Having returned to Himachal Pradesh a number of times since, I have to say that I am disheartened by what I observed.  Around Manali itself, there has been a surge in construction of hotels to cater for the vast increase, primarily in Indian tourists; there are some foreign tourists but they now represent a small fraction of the total.  In the 1980s, Indian tourists were relatively few.  Other than for pilgrims, the mountains held little appeal. Nowadays, one encounters large numbers eager to catch their first glimpse of snow (and glimpse is the case, if they turn up at the wrong time of year for snow).  I must admit to being amused seeing tourists hiring large coats (even skis - not for use but posing for pictures in the snow) at the bottom of the pass, when there is no snow on the top of the pass!  Yes, snow is found all year-round in the high mountains but in summer months, a trek thousands of feet higher is required to find it well above the Rohtang.  With increased numbers of Indian tourists, many wild (native) plants have been trampled out of existence on the top of the main pass (including riding ponies) - the cause is not the modest numbers of foreign tourists. 

Chris Chadwell with his youngest son, half way up the Rohtang Pass, enjoying the "party mood" of some Punjabis singing and dancing at the prospect of seeing snow for the first time in their lives, eager to have their picture taken with some visiting foreigners!

I led another trek for West Himalayan Holidays the next year and other tours followed in Himachal Pradesh led by others.  I have detailed information about the plants of the Kulu Valley and beyond, due to extensive botanical collections made on behalf of the Urusvati Institute, Naggar, Kulu valley for the Russian Nicholas Roerich in the 1930s by Dr Walter Koelz and Thakur Rup Chand.  Duplicate botanical specimens were collected for this Institute and the University of Michigan Herbarium at Ann Arbor, USA.  Seed was also gathered for the United States Department of Agriculture.  These herbarium collections are the best that have ever been made in this region and were identified (then labelled and mounted on card, before incorporating into the Ann Arbor herbarium) by Dr R R Stewart who had spent a life-time studying the flora of Pakistan and Kashmir (aren't eccentric foreigners so useful); upon retiring from his post as Principal of Gordon College, Rawalpindi, Pakistan, he became a Research Associate at Ann Arbor.  HIs life's work was put to good use.  What a pity my expertise is not being utilised in a similar way.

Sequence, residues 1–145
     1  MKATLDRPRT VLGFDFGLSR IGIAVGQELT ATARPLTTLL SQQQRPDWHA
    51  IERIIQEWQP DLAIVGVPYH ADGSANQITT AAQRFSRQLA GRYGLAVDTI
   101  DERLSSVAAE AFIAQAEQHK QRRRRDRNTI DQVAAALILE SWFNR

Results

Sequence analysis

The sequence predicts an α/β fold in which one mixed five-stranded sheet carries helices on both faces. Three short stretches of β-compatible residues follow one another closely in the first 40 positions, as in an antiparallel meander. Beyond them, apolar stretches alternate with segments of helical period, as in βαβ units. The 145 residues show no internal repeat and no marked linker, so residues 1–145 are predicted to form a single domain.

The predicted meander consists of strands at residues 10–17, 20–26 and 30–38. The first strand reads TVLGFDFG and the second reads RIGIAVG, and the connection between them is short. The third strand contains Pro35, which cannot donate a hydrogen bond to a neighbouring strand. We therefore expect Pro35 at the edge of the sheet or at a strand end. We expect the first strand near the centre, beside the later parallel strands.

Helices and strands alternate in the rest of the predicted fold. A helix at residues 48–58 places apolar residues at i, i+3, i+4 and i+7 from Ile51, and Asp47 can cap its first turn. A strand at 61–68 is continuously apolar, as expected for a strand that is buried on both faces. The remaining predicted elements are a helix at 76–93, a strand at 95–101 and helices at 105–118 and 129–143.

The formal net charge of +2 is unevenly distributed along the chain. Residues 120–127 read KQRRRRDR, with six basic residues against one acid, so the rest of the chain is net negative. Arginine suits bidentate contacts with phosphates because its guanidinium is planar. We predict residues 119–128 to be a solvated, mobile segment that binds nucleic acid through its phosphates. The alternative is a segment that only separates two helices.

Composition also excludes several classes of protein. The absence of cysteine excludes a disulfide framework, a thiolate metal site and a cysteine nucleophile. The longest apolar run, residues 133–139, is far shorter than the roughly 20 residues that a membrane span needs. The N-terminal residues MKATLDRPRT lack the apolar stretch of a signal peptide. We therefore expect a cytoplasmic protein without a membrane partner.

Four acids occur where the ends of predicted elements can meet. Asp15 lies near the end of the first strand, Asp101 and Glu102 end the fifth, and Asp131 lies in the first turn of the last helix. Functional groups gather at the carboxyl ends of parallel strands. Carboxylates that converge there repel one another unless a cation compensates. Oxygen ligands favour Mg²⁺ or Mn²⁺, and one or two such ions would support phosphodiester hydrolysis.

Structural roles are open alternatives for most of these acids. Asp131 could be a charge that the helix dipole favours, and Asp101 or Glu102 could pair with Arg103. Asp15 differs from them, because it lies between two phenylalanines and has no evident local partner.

What happened to the duplicate set of pressed specimens collected by Koelz & Chand left at the Urvusvati Institute (now part of the ROERICH museum at Naggar) in the Kulu Valley, Himachal Pradesh, 80 years ago?  Well, they are still LANGUISHING there to this day!  It is entirely possible that many may still be in good condition (though some will surely have rotted away by now or suffered insect infestation).  I have repeatedly tried to gain access to these specimens during my visits to the Kulu Valley but this has not proved possible....  I wish to assess what remains (I am the best person in the world to do this).  Those specimens which remain, could easily be cross-referenced with the set at Ann Arbor (I would be the best person to supervise this) - after all American botanists, led by Dr Stewart completed the hard and time-consuming part of RELIABLY identifying the specimens decades ago.  I was willing to start this project in a voluntary capacity, speaking to those in charge but no.... What an INEXCUSABLE waste of all that time and effort plus no little skill - the specimens have informative accompanying field notes (seldom seen in pressed specimens collected in the Western Himalaya these days).

After mounting on card, the specimens would need to be organised into cabinets (I could supervise this).  A herbarium could be established at the Roerich Museum (see: This would represent an INVALUABLE resource and contribute a much-needed reference to improve the standard of identification of plants in the region.  But would Indian botanists actually visit and use the herbarium to help RELIABLY identify the plants they come across from the Kulu Valley, Lahoul and surrounding districts (and regularly publish papers about) - including those which are supposedly 'Critically Endangered'? I cannot but wonder?  Such biologists, who travel to the Western Himalaya from all over India (for some inexplicable reason) to study plants SHOULD deposit a duplicate set of botanical specimens in a local herbarium (though cannot be blamed for not doing so if there are none).  I don't know of a nearby herbarium to Manali?  Is the closest at the Forest Research Institute at Dehra Dun?  Unless you are an especially skilled field botanist who can RELIABLY name plants whilst in the Western Himalaya, it is ESSENTIAL to gather a set of quality pressed  VOUCHER specimens, to use to verify any preliminary identifications.  Perhaps someone from the UK media, who specialises in the Himalaya, could pay a visit and track down the missing specimens at the Roerich Museum, inspiring the authorities to contact me to ask for help.....  They are the best quality specimens EVER collected in Himachal Pradesh, before or since.  And of course, nowadays one could digitise images of the specimens to share with botanists around India and the world.